[foaf-protocols] WebID breakthrough - pure Javascript+Flash implementation

Henry Story henry.story at gmail.com
Mon Aug 9 10:57:15 CEST 2010

On 9 Aug 2010, at 05:08, Manu Sporny wrote:
> On 08/08/2010 09:57 AM, Kingsley Idehen wrote:
>> The user interaction is simple:
>> 1. Go to: https://id.myopenlink.net
>> 2. Register with your existing WebID or get a new account
>> 3. Edit your Profile using the Profile Manager (at least add your email
>> address to your profile)
>> 4. Use the "X.509" tab under "Security" to generate your X.509 Cert that
>> includes your WebID (remember once you have an account you have a WebID,
>> Profile Page URL, and an OpenID URL (all hooked together in conventional
>> Linked Data style)
>> 5. Save the generated Cert. to your Profile (don't forget to hatch the
>> "enable WebID login" option)
>> 6. Save and Exit Profile Manager
>> 7. Visit a WebID or OpenID based space on the Web from Windows, Mac OS
>> X, Linux, or any other Unix Platform.
> Kingsley, I'll respond to your other points in another e-mail. I wanted
> to draw attention to the procedure you describe above. This is a perfect
> example of the problem we wanted to highlight when putting together the
> WebID demo we recently released. Compare the sequence above with how we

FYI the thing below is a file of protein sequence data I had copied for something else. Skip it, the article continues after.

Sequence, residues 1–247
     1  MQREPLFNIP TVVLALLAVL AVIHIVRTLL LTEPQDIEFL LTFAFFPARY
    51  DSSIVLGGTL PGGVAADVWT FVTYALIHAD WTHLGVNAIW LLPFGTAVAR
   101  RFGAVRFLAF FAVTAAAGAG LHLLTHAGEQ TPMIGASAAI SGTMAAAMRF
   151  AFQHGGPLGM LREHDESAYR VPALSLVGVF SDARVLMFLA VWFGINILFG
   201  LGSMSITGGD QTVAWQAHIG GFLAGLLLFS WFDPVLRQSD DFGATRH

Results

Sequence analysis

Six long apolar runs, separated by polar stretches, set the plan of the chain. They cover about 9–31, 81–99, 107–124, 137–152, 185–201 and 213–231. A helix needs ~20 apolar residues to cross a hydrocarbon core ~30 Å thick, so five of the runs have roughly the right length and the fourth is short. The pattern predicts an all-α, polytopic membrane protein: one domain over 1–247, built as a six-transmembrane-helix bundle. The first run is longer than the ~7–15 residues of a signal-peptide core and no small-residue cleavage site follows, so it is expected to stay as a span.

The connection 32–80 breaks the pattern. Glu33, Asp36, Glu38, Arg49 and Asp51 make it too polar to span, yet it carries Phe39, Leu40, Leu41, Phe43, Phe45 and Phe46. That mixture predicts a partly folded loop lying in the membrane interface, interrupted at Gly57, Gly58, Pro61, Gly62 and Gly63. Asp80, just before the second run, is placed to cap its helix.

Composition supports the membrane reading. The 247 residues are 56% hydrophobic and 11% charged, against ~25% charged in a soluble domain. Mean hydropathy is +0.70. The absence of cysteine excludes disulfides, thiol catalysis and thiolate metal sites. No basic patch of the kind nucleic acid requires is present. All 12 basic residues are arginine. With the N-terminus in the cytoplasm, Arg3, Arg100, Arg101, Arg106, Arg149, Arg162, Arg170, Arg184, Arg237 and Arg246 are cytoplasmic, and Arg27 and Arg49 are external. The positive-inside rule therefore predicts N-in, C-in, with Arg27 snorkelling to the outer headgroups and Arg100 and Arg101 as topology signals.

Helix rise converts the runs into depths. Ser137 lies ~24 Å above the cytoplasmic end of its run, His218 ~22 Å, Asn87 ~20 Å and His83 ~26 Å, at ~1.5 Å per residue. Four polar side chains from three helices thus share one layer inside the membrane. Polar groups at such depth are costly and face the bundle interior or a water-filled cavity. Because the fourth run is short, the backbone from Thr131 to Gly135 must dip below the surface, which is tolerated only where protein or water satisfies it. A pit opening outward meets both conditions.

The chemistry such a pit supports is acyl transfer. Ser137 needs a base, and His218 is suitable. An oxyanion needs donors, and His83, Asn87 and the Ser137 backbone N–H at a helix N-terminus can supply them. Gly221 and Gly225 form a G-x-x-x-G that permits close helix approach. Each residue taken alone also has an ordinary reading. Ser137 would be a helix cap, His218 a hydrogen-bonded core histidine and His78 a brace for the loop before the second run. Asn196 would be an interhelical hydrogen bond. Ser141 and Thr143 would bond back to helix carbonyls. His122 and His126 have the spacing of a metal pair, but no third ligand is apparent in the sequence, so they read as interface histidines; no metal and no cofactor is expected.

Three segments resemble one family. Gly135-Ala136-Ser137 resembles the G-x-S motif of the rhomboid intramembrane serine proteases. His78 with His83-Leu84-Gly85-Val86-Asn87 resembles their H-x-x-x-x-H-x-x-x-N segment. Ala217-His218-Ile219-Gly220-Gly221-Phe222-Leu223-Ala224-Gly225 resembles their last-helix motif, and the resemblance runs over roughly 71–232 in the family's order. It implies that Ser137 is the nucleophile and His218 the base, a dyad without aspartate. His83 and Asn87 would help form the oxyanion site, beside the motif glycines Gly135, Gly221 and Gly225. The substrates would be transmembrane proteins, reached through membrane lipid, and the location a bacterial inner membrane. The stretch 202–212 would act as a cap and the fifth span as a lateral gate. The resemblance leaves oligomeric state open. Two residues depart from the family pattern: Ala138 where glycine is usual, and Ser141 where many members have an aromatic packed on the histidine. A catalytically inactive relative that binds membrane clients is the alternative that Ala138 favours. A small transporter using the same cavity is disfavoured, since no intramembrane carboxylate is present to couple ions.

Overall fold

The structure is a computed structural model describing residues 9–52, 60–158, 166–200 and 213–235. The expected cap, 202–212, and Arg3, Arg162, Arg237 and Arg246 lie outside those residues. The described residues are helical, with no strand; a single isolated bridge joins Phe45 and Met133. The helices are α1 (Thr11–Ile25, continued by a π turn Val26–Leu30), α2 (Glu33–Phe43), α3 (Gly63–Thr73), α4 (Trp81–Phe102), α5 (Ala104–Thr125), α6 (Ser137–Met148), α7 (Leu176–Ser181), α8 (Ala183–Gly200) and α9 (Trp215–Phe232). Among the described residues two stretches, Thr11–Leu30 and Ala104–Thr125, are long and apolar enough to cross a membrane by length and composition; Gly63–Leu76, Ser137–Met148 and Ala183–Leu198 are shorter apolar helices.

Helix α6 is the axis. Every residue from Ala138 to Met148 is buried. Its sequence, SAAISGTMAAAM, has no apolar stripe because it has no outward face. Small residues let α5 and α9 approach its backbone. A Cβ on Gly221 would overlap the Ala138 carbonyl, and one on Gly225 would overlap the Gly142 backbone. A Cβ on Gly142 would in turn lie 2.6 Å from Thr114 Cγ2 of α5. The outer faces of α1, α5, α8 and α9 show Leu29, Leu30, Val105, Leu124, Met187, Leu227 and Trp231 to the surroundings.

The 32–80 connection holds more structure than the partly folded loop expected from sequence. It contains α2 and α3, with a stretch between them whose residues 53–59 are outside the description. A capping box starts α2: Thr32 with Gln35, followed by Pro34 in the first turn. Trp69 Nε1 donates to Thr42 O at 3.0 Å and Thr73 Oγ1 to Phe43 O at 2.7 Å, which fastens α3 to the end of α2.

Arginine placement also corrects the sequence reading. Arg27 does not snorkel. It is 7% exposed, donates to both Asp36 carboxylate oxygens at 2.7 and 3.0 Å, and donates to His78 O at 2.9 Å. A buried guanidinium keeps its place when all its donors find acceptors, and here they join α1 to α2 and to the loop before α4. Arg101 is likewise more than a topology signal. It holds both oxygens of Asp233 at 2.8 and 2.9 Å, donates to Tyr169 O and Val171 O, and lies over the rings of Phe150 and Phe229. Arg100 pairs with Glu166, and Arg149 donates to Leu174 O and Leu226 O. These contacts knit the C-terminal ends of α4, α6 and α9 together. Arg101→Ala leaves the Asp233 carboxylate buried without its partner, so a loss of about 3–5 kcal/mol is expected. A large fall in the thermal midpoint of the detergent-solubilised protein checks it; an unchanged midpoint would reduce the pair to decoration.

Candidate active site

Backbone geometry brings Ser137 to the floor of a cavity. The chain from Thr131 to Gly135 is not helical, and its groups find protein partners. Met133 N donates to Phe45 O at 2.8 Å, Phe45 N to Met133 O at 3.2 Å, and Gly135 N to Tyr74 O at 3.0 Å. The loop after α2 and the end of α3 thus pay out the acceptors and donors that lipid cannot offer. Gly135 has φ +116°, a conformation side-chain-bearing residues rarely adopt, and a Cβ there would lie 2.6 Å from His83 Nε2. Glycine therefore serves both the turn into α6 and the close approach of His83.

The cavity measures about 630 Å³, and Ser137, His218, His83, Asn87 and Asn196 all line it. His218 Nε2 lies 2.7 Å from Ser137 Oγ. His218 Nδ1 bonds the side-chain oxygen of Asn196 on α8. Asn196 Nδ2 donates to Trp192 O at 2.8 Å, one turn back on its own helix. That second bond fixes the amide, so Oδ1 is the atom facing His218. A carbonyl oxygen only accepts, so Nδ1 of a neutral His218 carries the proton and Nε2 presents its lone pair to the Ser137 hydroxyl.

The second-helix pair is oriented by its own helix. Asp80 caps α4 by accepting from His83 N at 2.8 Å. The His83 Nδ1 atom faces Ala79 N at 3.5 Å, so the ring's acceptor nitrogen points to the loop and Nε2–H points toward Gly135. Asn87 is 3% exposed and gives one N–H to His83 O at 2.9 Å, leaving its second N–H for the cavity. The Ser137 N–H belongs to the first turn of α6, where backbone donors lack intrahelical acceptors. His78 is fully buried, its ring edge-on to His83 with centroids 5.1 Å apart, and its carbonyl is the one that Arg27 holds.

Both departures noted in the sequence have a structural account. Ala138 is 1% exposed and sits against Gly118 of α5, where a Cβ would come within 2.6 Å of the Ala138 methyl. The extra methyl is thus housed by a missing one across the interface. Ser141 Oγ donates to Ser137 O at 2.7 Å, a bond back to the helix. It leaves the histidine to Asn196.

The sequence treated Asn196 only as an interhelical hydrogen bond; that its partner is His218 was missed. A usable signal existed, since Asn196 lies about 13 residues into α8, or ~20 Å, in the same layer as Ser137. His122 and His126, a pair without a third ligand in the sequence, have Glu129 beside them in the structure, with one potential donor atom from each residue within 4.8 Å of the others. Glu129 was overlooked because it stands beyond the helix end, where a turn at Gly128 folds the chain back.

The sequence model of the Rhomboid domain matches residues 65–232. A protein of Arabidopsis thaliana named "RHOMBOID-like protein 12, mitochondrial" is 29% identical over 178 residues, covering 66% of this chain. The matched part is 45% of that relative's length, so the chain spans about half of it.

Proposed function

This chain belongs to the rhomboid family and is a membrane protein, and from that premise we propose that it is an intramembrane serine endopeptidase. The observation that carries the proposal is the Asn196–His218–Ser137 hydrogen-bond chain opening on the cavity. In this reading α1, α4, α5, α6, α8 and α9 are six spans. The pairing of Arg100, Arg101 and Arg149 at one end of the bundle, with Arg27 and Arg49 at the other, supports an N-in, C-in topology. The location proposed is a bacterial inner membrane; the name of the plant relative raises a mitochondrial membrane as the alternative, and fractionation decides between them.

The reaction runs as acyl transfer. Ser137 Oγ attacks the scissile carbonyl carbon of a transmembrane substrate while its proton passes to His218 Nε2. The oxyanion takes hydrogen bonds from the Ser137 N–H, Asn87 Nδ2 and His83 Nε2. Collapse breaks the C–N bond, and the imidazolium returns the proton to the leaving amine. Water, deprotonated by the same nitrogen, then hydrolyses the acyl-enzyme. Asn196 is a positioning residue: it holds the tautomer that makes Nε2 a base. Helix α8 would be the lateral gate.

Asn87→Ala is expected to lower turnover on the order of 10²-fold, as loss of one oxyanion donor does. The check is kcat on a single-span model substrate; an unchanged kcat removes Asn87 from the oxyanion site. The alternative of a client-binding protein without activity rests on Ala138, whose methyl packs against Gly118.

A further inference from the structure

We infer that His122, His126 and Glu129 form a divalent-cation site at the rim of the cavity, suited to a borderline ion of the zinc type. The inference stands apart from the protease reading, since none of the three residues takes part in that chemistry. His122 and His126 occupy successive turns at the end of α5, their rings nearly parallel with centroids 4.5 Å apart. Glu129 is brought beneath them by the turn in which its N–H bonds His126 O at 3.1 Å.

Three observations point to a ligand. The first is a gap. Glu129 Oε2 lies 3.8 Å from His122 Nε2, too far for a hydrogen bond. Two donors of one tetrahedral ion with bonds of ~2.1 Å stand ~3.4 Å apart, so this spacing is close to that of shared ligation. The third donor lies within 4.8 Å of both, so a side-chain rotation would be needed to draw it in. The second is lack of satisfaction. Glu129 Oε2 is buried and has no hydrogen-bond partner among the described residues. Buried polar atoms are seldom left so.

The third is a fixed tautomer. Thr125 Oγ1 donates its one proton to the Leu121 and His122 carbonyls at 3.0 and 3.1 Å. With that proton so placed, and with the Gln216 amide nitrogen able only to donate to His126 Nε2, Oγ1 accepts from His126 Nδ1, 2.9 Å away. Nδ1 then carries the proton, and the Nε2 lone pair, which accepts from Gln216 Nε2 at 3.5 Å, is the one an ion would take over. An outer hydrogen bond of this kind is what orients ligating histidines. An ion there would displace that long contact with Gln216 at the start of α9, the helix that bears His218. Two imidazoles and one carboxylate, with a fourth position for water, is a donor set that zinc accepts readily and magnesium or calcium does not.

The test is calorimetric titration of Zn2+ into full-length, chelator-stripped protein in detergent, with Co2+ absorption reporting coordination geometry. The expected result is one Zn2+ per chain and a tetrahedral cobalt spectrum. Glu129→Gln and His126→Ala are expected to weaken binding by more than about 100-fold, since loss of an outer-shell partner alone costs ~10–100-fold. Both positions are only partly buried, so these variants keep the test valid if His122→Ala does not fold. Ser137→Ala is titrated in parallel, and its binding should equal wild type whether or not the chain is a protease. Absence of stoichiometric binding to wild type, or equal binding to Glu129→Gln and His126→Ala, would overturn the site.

> create accounts in websites today:
> 1. Click create account.
> 2. Fill out username, e-mail address and password.

You are being completely unfair here Manu.

A. Create a new Account the traditional Way

First login with a normal web site login is more complex than you describe, if we are to stay at the same level of detail as Kingsley's description:

1. Go to some website http://site.com/
2. click create account
3. fill out username, email, password
   3.1 The password you filled out is not secure fill it out again
4. Click submit
5. receive email
6. click on received email to confirm it
7. Login with new username
8. The browser will ask you to remember the password in a modern browser
   otherwise write it down on a piece of paper (because you should of course
   never reuse the same password twice)

And that is the minimal version. If you try to make a Social Network account, you
also have to give your gmail password away, import your friends, friend them one by one again on the SN, ... All of this will no longer be required by WebID and foaf enabled sites. 

Secondly Kingsley's description is confusing two things: making your first and hopefully only WebID account and signing onto a new site with your WebID when you don't have an account there.

So let us sift these two strands apart so we can compare like with like

B. Create a new account with WebID